By Robert Alexander Innes
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Extra resources for Elder Brother and the Law of the People: Contemporary Kinship and Cowessess First Nation
Theresa S. Smith provides examples from a series of Thunderbird stories to illustrate the importance atiso’kanak played in Ojibwe society. indd 34 13-10-16 5:03 PM Elder Brother as Cultural Hero 35 environment and to humans. 46 Whether Ojibwe atiso’kanak or Cree âtahôhkanak, the stories of these spirit beings were central to their societies. ”47 The same is true for the Ojibwe. The similarities between Ojibwe and Cree stories are relevant to the Cowessess situation, as the principles found in both people’s stories are evident in âtayôhkêwina collected by Alanson Skinner when he visited Cowessess in the early twentieth century.
Radin continues, “He wills nothing consciously. At all times he is constrained to behave as he does from impulses over which he has no control. He knows neither good nor evil, yet he is responsible for both. 9 A significant aspect of tricksters is humour, as Radin explains: “Laughter, humour and irony permeate everything Trickster does. ”10 Radin’s work has had a lasting impact on trickster analysis. Though Radin’s descriptions of tricksters are echoed in other writers’ descriptions, his observations hint that he may not fully comprehend Aboriginal world views.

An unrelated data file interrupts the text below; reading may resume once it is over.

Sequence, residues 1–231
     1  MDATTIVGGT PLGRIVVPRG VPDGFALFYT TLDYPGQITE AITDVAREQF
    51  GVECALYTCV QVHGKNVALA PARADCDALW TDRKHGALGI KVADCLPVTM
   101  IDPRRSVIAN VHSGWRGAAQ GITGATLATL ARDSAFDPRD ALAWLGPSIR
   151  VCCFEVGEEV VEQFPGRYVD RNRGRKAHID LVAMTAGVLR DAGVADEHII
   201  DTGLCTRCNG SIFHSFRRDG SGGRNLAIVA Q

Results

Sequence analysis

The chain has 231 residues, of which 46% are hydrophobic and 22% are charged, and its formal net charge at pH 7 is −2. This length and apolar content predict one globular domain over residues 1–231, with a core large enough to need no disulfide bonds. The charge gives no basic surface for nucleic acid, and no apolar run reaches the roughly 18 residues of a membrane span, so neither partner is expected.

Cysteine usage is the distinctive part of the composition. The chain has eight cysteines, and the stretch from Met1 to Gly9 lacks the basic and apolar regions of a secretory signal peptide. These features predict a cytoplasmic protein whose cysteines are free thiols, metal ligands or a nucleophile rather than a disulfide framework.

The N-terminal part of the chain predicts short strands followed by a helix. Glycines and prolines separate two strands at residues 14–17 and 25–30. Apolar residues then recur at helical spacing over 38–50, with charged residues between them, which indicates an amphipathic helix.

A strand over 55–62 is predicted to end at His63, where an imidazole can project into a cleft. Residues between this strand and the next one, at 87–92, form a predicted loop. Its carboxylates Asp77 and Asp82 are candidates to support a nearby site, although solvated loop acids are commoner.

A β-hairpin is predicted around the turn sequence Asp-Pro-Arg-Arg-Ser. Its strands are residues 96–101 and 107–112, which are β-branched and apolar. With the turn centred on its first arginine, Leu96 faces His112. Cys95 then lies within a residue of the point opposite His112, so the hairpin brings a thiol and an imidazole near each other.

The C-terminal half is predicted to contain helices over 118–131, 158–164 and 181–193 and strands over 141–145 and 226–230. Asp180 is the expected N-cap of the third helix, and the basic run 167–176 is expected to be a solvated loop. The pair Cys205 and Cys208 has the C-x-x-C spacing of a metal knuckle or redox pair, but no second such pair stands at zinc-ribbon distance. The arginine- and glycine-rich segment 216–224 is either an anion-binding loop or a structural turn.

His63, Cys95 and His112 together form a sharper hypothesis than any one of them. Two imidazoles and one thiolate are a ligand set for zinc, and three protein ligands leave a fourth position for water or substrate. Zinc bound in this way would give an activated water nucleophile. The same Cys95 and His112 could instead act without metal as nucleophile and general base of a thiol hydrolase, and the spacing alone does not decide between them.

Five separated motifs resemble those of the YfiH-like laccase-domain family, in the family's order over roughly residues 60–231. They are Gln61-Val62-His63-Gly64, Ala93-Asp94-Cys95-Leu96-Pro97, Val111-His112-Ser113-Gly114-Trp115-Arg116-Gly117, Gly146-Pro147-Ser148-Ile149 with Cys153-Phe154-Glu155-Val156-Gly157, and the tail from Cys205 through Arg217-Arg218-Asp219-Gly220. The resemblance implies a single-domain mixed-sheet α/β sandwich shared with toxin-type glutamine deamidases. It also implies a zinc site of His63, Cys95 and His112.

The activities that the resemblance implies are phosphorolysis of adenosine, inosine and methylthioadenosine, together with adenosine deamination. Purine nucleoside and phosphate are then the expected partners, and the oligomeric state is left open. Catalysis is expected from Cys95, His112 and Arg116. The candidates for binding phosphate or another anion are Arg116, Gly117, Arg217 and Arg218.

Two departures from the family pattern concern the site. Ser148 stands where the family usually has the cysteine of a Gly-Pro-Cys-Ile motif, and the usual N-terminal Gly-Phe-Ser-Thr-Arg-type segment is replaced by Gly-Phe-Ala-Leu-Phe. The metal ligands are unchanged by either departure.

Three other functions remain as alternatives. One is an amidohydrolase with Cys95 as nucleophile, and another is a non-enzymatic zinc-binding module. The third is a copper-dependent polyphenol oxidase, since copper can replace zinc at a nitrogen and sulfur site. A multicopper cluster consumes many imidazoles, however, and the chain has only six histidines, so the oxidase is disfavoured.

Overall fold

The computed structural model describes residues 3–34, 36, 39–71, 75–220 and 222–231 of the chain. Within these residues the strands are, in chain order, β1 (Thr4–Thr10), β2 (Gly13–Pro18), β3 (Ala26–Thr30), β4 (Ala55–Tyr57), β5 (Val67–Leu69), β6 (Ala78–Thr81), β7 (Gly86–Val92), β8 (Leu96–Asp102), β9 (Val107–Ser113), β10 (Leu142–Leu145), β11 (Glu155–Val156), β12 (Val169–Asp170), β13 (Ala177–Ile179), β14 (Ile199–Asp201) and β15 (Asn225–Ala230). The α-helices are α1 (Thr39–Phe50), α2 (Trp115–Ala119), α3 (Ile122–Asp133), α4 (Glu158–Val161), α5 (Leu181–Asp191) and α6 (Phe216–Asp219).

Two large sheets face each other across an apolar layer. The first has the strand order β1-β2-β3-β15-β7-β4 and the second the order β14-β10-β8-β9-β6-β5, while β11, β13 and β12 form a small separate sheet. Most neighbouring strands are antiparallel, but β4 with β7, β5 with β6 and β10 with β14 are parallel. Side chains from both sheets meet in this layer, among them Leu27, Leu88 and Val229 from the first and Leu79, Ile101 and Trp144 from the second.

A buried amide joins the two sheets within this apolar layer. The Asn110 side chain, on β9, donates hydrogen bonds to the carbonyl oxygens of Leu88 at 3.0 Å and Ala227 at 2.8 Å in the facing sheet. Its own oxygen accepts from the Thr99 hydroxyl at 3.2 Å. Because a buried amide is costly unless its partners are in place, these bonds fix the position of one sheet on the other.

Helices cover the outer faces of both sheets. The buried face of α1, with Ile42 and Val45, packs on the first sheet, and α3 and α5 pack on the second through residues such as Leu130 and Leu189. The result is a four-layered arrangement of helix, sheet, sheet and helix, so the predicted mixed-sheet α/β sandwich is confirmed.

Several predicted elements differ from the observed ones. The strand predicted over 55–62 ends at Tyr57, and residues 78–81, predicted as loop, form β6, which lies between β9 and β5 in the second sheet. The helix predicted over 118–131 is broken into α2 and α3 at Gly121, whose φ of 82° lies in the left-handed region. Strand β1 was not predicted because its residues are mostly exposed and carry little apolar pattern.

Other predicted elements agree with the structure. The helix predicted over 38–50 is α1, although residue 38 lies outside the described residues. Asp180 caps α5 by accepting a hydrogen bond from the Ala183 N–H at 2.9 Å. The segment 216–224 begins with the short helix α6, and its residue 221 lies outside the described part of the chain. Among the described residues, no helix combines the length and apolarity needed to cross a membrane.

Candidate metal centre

What becomes apparent from these authors is that, in order to come to grips with Aboriginal cultural understandings, it is crucial to become familiar with certain central Aboriginal cultural concepts. As most of these recent authors show, maintaining kinship roles and responsibilities is an important cultural concept for Aboriginal people. This chapter explores the connection between Aboriginal peoples’ beliefs, insights, concepts, ideals, values, attitudes, and codes found in traditional stories and expressed in their cultural kinship practices.